According to a 18.2 million health and wellness wireless sensor networks (WSNs) will be shipped worldwide in 2017, generating $16.3 billion in annual revenue. That's up from 1.7 million shipments and $4.9 billion in revenues in 2012.
Between 2012 and 2017, the firm reported, health and wellness WSNs that are wearable, implantable, or otherwise mobile-enabled will increase by 75 percent per year (CAGR) and will make up 57 percent of all health and wellness WSNs in 2017.
Interestingly, ON World's numbers exclude sports and fitness trackers from the category of health and wellness wireless sensors. Other recent reports, like Juniper's report on the wearable market last year, have had their numbers significantly bolstered by including sports and fitness trackers. Mareca Hatler, research director at ON World, said the company will cover sports and fitness trackers in a pending report.
"We just saw there were really specific business models, and in terms of the volumes of shipments it would be best served if we covered it separately," she told Babyforyou.net.ua.
ON World evaluated more than 100 health and wellness sensor products in compiling the report, not all of them wearable or consumer devices.
"WSN applications for health and wellness are expanding," the firm writes in its executive summary. "These include large scale hospital operational management systems, wearable/implantable sensors and vital signs monitors as well as wellness monitoring, mobile personal emergency response systems (PERS) and growing solutions for weight management, sleep monitoring and general wellness."
The company found that 53 percent of the companies they evaluated targeted self-management of chronic conditions. In 2017, ON World predicts, chronic condition management will make up 60 percent of WSN revenue, with 31 percent coming from heart disease and 24 percent coming from diabetes management.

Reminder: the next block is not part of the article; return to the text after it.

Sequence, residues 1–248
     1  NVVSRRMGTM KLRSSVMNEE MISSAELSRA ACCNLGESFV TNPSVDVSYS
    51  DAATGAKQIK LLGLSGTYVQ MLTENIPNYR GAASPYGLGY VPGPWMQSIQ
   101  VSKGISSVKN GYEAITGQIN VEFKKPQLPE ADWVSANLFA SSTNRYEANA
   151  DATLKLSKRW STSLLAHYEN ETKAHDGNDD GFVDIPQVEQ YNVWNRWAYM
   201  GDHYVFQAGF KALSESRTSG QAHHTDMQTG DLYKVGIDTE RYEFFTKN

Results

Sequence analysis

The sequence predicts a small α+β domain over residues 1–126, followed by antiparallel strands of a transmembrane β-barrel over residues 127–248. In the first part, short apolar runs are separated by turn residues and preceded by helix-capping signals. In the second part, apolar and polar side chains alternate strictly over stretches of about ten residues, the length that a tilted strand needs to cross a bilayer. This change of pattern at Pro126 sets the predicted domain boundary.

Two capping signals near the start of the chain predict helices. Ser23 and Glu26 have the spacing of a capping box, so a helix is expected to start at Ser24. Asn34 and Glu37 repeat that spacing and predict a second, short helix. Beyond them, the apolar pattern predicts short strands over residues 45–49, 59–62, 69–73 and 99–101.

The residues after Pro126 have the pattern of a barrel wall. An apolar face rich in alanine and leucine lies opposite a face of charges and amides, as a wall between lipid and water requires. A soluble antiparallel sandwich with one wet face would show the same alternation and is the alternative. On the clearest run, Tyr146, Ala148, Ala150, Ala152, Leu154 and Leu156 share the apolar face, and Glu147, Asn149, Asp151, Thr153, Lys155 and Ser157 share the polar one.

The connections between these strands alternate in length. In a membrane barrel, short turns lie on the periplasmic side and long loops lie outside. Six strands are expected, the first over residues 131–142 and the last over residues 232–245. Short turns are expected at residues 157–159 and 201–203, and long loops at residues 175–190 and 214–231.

The list of companies ON World evaluated, available , includes a number of companies familiar to Babyforyou.net.ua readers: remote monitoring heavies like Philips and Qualcomm, the as-yet unlaunched home health scanner Scanadu, the now-defunct sleep tracker Zeo, and quirky startups like smart toothbrush-maker Beam Technologies and posture-coaching company LumoBack. Many of these companies were counted in the category of "general wellness," according to Hatler, a catch-all that includes devices like the Beam Brush, consumer vital sign monitors, sleep monitors, and, more than anything else, connected weight scales.
That general wellness category will expand 1,600 percent over the next five years, the report said, to make up 41 percent of shipments in 2017. As the general wellness category is primarily direct-to-consumer devices, this trend could suggest a growth of patient engagement and personal responsibility for help.
ON World also surveyed 300 early technology adopters and found that 30 percent were interested in web-connected health and wellness devices.